After the bishop was forced to identify himself, they offered that he take whatever he wanted, and return to his homeland. St. Paulinus asked but one thing: that all of the prisoners taken in Campania be released with him. His wish was granted, and he and his entire flock were sent by ships heavily laden with grain, to their homeland. Several days later, the Vandal king died, and, as St. Gregory writes, "the flail of office entrusted to him…was passed from him to another."

Through his charity and compassion for the poor, Paulinus garnered the love not only of the local Christians, but also of the pagans and the Jews. Thanks to the love shown by all peoples, many traditions having to do with St. Paulinus' life and struggles have coalesced. For example, according to one of them, Paulinus, Bishop of Nola, was the first to use bells in Divine Services. Once, exhausted, he lay down to sleep in a certain field in bloom, but soon was awakened by the melodious ringing of little bells being carried by angels. This inspired the Holy Hierarch to employ in Divine Services the already existing means of signaling, but in the form of the bluebell flower.

In addition to traditions and recollections about Paulinus the Merciful, we have had passed down to us his literary works, hymns and letters - including his response to his former tutor Ausonius' questions and criticisms.

Those who have come to love Christ, who have left behind their ordinary milieu, are familiar with mocking inquiries by former friends, with invitations to come in and "sit as we had before, and in overall to drop these eccentricities...". It is often very difficult to find the words needed to answer honestly without offending the [inquirer]. For St. Paulinus, it was even more difficult, for the one mocking him and calling for him to return was his teacher, to whom he owed a great deal.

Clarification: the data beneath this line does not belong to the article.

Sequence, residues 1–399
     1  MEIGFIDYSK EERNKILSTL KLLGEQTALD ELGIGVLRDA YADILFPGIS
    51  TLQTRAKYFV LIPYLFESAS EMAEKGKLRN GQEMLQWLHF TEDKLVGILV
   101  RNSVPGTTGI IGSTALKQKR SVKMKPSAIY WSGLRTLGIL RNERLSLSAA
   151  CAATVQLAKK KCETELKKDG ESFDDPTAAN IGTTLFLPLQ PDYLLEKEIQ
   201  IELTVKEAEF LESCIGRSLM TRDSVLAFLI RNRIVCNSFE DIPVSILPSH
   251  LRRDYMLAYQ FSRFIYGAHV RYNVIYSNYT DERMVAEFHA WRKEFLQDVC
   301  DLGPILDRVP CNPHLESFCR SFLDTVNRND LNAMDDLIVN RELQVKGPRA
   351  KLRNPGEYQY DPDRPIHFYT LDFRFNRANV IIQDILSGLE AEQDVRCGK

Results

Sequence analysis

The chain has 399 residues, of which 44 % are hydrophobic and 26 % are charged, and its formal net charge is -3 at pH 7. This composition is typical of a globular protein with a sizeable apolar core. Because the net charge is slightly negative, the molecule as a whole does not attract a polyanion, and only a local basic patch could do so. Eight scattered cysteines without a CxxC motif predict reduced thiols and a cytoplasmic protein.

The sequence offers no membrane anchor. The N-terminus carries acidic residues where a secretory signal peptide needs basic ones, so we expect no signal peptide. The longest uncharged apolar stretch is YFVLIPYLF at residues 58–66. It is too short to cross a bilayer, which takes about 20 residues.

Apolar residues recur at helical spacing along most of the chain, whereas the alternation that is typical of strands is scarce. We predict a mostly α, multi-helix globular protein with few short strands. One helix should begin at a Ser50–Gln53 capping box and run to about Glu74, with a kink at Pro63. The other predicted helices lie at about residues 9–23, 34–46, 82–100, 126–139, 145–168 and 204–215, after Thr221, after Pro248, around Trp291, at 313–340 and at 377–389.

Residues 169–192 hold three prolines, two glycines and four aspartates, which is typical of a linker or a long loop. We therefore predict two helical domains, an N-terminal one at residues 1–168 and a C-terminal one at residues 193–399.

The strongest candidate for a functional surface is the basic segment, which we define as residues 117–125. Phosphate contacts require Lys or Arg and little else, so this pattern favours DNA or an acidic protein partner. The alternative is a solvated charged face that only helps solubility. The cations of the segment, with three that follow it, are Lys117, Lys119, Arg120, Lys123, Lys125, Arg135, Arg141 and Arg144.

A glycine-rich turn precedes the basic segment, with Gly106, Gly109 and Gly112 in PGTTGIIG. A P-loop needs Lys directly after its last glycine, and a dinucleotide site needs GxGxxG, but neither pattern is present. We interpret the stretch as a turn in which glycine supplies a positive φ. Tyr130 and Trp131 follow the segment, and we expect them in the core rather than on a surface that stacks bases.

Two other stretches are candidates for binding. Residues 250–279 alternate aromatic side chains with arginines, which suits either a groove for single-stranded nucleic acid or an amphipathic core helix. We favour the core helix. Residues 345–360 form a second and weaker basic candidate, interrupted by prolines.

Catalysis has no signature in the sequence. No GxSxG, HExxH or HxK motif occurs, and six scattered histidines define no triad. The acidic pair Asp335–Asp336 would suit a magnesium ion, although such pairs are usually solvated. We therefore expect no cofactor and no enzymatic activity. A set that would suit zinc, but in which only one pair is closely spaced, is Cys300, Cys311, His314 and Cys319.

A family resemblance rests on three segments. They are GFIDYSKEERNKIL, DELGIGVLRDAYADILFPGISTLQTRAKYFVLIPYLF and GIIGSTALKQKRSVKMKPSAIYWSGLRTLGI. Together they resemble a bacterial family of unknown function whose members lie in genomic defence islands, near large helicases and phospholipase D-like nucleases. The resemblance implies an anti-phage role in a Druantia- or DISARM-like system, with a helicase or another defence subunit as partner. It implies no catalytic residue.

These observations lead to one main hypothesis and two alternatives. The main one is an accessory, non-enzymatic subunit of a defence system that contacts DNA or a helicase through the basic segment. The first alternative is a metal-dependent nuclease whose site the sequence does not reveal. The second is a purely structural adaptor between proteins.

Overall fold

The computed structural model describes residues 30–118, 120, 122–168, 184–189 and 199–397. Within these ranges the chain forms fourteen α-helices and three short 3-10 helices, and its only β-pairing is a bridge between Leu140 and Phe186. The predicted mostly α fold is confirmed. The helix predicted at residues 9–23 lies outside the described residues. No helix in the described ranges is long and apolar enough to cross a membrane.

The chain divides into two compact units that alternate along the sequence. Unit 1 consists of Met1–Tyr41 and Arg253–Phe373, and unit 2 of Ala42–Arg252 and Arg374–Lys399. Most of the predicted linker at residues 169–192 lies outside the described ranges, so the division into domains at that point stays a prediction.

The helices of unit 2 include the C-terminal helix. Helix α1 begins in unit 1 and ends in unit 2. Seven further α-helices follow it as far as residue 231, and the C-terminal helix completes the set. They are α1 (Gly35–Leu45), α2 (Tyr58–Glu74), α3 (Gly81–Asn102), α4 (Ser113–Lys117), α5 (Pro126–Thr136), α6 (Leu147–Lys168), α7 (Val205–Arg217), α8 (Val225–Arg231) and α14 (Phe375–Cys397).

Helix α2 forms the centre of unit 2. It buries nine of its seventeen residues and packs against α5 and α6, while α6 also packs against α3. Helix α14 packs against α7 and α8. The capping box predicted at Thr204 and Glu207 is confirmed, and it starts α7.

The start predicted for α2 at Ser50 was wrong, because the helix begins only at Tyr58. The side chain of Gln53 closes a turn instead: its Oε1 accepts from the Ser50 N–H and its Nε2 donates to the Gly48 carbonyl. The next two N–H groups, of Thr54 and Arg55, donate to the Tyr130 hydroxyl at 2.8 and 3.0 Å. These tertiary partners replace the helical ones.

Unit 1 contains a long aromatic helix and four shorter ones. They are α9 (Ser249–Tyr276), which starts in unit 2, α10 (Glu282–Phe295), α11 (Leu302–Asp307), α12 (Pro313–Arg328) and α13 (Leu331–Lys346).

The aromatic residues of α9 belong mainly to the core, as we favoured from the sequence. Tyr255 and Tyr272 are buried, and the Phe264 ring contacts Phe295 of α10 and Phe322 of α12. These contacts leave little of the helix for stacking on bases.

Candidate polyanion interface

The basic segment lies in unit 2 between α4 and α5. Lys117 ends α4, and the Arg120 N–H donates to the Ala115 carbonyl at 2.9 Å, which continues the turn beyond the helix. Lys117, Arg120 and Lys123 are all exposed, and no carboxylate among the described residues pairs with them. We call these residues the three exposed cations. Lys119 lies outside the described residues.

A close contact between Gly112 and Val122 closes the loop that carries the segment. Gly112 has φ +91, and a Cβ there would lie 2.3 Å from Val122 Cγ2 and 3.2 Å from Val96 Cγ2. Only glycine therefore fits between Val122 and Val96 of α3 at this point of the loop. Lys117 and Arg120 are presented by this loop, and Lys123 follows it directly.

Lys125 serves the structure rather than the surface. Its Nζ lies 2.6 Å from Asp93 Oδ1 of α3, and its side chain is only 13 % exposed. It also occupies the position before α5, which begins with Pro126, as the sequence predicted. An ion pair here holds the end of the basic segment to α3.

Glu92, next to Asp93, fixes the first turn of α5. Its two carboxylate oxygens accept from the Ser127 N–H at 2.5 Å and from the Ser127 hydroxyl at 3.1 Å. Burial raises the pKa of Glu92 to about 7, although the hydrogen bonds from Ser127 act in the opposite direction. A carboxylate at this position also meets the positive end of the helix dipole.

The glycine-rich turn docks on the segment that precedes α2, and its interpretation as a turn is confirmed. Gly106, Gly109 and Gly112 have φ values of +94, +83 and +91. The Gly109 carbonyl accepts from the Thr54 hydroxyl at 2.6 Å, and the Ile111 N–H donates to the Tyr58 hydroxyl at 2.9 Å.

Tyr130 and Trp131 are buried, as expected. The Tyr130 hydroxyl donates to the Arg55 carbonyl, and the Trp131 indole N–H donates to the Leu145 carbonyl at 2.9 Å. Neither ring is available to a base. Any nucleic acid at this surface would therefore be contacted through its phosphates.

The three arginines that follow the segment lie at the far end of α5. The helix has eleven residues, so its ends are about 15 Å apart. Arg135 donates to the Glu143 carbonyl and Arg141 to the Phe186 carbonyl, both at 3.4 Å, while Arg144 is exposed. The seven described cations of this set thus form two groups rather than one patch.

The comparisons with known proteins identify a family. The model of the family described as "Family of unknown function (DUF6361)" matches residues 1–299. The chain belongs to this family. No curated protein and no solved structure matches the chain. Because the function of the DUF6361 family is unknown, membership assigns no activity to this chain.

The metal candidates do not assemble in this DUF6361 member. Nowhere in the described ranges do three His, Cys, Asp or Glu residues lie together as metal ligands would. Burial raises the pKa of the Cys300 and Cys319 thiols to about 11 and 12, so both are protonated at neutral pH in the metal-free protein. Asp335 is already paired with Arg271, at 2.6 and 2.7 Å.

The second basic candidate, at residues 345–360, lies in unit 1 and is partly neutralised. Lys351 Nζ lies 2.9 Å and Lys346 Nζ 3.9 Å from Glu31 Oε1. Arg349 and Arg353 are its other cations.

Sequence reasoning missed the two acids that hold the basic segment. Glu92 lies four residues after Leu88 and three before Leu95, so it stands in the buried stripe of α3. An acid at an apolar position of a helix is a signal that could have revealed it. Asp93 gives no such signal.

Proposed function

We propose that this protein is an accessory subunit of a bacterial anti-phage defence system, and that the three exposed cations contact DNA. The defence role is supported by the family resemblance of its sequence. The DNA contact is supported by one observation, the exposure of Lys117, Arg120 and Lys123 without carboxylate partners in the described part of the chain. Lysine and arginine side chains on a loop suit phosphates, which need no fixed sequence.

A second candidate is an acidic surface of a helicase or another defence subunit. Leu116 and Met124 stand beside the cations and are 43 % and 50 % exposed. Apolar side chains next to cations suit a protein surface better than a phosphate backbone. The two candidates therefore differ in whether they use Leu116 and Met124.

The pupil's response to the one who "had raised, elevated, and taught [him] word and letter," is quite resolute: a Christian must not give himself over to "insignificant matters and absurd compositions." Yet, this is not a rebuke, but an honest attempt at explanation, an attempt to impart to his teacher the sense that the One True God, the Creator of the Universe, calls us to "change [our] life and leave behind our former ways."

The Saint demonstrated his respect for his instructor by the fact that his reply was in verse, and conformed to all of the rules of rhetoric and poetic art that had been taught him by Ausonius. Paulinus simply employed all of this art in a hymn to the Savior.

The entire letter is a remarkable combination of love with honest, sincere disagreement, humility before his former teacher, and a zealous preaching of Christ. Faith, talent, love, impassioned nature, and yet again, love: this is the bouquet of which the reply to Ausonius was comprised.

St. Paulinus' relics are in the Church of the Holy Apostle Bartholomew in Rome.

From St. Paulinus' reply to Ausonius:

I both believe and fear
and in the time allotted to me ere I die,
I rush to seek redemption of my sins.

And in anticipation of [my death],
my heart, filled with total faith, yet quakes,
and my soul awaits in terror what is to come.

What if in frivolous cares it gets bogged down in
and stays bound to the body when
the heavens open and the trumpet sounds,
and it cannot rise.

On light wings flying off to meet the King...

I have entrusted to the age to come
all that I have -
and with a peaceful conscience
now await my death

If satisfied, salute your friend with hope abundant,
And if not - leave to Christ approval of it all.

Address of our Cathedral

  • 4001 17th St. N.W.,
  • Washington, D.C., 20011

Phone  (202) 726-3000




Go to top